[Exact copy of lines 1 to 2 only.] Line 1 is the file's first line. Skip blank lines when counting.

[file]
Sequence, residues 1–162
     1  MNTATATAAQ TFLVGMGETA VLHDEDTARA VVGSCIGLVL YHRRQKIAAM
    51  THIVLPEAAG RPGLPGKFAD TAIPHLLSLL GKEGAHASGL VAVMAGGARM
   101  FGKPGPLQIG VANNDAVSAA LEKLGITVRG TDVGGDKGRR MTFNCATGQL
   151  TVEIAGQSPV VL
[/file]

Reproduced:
Sequence, residues 1–162
     1  MNTATATAAQ TFLVGMGETA VLHDEDTARA VVGSCIGLVL YHRRQKIAAM